rcking: (telescope1)
[personal profile] rcking
(While searching for an extremely hard to spot comet, it is easy to let one's mind wander)

The Kohoutek Scale of Cometary Disappointment

(a scale for rating comets which never become visible to the naked eye and completely disappoint the novice viewer)


K1 - Comet mentioned only in astronomy oriented publications. Described at some point as "visible to the naked eye"
Effects: a few amateur comet hunters are mildly disappointed. No significant damage.

K2 - Comet mentioned by several astronomy popularizing blogs, described in moderate terms to manage expectations.
Effects: a modest number of novice comet hunters are disappointed. Some loss of enthusiasm.

K3 - Comet mentioned in some branches of the popular press, complete with sky maps for novice observers.
Effects: a larger number of novice comet hunters are disappointed. Some decide that web surfing is more fun and may not bother next time.

K4 - Comet mentioned in all relevant branches of the popular press weeks in advance with maps and expert interviews.
Usually described as "expected to put on quite a show".
Effects: a large turnout of novice comet hunters and a modest percentage of the general public is disappointed. Children irritated that their parents dragged them out for nothing. Adults feel a bit like a sucker for believing this was going to be worth seeing.

K5 - Comet widely promoted in the popular press for many months in advance of the appearance. Terms used like "Comet of the Century", "visible in daylight", etc. Used and overused as a marketing tool.
Effects: a significant percentage of the general public disappointed. Some children decide that science really isn't as fun as they thought. Adults refine their cynicism and downgrade their opinion of astronomy. Comet Kohoutek is the reference for this as a solid K5.


If a comet actually becomes visible to the naked eye by the average viewer, it is disqualified from the Kohoutek scale.
In that case, see the Halley scale of cometary mediocrity.

Date: 2013-03-16 08:32 pm (UTC)
From: [identity profile] neowolf2.livejournal.com
I wasn't impressed by comet Pan-STARRS. I hope the one in november doesn't also disappoint.

Date: 2013-03-16 08:50 pm (UTC)
From: [identity profile] porsupah.livejournal.com
Wait, what? There's supposed to be a sky above the cloud layer?

That's crazy talk!

Date: 2013-03-17 12:31 am (UTC)
From: [identity profile] furtech.livejournal.com
"expected to put on quite a show"

Hahaha-- see this so often! Nice scale, by the way.

Date: 2013-03-17 02:27 am (UTC)
From: [identity profile] cal-foxx.livejournal.com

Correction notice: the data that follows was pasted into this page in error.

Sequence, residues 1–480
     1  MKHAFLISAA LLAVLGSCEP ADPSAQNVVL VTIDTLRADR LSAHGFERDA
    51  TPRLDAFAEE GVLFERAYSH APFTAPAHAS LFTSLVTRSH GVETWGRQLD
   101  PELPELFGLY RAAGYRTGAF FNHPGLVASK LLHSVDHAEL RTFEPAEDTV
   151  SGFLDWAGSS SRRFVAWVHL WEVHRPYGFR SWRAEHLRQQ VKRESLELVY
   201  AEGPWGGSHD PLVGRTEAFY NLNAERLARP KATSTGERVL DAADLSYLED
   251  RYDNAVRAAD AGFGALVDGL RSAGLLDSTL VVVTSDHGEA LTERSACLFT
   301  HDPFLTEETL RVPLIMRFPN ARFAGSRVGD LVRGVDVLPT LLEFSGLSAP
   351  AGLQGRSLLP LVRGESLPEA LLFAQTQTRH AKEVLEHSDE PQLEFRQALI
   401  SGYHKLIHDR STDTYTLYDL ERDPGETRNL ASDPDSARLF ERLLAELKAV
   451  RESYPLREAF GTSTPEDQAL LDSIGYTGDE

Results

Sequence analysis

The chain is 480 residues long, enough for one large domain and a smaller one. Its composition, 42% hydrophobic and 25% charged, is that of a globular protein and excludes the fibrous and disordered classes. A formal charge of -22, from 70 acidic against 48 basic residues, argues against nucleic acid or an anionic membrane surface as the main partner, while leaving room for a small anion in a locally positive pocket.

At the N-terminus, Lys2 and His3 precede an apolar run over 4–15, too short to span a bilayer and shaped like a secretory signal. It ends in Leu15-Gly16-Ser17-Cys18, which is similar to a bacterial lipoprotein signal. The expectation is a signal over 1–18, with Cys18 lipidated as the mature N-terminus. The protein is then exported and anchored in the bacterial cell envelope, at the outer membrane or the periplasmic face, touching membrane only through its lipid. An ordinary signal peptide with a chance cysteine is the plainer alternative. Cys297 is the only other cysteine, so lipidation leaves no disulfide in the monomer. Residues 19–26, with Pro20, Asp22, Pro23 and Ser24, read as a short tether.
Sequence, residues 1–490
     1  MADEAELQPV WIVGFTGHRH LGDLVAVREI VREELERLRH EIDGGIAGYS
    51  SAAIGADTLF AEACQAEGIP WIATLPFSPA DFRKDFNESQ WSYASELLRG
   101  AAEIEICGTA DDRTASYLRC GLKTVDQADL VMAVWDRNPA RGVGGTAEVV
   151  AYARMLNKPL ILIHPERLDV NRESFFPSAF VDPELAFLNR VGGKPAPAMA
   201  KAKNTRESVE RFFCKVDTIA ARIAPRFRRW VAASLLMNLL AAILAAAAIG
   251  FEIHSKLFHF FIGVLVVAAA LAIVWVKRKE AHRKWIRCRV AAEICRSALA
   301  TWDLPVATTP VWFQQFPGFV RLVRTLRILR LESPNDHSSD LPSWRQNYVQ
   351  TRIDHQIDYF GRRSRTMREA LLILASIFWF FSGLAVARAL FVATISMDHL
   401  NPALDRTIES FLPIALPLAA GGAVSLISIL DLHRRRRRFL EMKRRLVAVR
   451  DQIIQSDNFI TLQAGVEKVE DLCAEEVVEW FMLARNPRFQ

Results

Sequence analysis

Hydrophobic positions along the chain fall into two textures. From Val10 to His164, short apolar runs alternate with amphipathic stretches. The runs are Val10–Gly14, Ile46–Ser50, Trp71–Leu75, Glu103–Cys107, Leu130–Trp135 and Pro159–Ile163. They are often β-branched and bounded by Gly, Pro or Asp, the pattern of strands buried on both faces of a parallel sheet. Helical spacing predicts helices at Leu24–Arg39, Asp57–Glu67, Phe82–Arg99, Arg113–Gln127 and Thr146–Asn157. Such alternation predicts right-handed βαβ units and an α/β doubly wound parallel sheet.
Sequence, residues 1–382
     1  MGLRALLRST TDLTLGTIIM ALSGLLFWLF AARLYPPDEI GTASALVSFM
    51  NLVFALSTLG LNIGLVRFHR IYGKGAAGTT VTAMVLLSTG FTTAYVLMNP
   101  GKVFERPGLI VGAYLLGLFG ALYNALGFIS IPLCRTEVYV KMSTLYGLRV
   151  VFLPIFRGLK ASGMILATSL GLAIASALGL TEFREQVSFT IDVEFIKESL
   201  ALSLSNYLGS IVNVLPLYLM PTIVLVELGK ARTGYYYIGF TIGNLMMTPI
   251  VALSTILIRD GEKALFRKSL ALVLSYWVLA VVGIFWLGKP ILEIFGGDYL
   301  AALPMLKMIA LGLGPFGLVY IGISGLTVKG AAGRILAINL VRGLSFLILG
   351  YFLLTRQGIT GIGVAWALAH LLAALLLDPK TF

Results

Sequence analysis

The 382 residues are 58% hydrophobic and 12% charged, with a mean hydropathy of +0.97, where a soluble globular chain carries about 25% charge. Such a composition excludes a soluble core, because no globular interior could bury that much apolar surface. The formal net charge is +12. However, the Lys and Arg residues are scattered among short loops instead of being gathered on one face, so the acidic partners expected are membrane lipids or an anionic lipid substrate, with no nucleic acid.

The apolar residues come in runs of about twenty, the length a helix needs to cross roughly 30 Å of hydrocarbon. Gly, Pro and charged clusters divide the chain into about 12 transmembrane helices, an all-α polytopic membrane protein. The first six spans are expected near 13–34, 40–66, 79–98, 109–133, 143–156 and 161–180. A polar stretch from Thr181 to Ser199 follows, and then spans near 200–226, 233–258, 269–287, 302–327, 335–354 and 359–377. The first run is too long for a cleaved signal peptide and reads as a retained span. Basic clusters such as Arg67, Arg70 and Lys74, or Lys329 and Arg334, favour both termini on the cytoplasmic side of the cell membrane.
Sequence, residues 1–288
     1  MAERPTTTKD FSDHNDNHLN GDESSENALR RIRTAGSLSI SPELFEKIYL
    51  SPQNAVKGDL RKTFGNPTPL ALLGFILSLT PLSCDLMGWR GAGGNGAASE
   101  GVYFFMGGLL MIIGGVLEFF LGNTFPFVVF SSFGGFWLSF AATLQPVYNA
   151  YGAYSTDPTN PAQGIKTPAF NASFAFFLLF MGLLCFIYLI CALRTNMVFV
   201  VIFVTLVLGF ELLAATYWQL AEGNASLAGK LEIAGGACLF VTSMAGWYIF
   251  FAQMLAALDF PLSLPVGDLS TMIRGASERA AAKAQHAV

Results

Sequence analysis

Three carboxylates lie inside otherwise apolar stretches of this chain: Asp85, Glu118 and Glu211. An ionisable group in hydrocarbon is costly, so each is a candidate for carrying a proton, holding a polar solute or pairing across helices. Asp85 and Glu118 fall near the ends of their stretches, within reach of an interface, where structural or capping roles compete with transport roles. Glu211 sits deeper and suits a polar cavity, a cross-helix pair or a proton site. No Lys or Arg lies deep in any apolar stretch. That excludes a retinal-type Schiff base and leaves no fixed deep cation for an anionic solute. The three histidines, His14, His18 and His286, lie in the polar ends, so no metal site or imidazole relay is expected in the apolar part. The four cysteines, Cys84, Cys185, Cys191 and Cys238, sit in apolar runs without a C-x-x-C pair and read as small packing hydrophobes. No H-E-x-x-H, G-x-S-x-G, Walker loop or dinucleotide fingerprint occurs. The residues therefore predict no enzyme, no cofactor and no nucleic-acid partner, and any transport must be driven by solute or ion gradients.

I remember barely seeing Comet Kohoutek back in 1973, and have only seen one other since then, that being Halley's the last time is came around. I didn't even know about this current comet you are talking about until a couple days ago, but I never get a chance to observe the sky anymore anyway.

Date: 2013-03-17 03:56 am (UTC)
From: [identity profile] eric-hinkle.livejournal.com
So Kohoutek was a disappointment back in the day? Heh, and it got bragged up so much that even Marvel Comics included references to its (expected) sky-spanning glory!

Date: 2013-03-17 04:57 pm (UTC)
From: [identity profile] neowolf2.livejournal.com
Wasn't there a pretty good one right after Kohoutek that people mostly ignored, because of the lingering bleh? West, I think it was.

I also remember a really nice one in the morning sky when I was a kid. Don't remember its name, though.

Date: 2013-03-17 11:28 pm (UTC)
From: [identity profile] zorro456.livejournal.com
You are probably talking about Comet West in 1976.

Date: 2013-03-17 05:36 pm (UTC)
From: [identity profile] maxgoof.livejournal.com
I still recall being awoken by my father at 3AM, and told to accompany him outside, told to look up and tell him what I saw.

It was a comet. Very clearly visible to the naked eye. I had been an avid astronomer for several years. I had read nothing in advance of this comet. Yet, suddenly, there it was, complete with vaporous tail, which shifted, even as you watched.

I wonder if there is a scale for surprise comets.

Date: 2013-03-17 11:21 pm (UTC)
From: [identity profile] zorro456.livejournal.com
I saw Kohoutek and it was a decent comet, No Hale Bopp though.

Date: 2013-03-18 04:34 pm (UTC)
From: [identity profile] dakhun.livejournal.com
I found PanSTARRS easier to spot last night than the time before, because even though it was a littler fainter, it was a little higher in the sky so I could follow it longer and thus see it in a darker sky.
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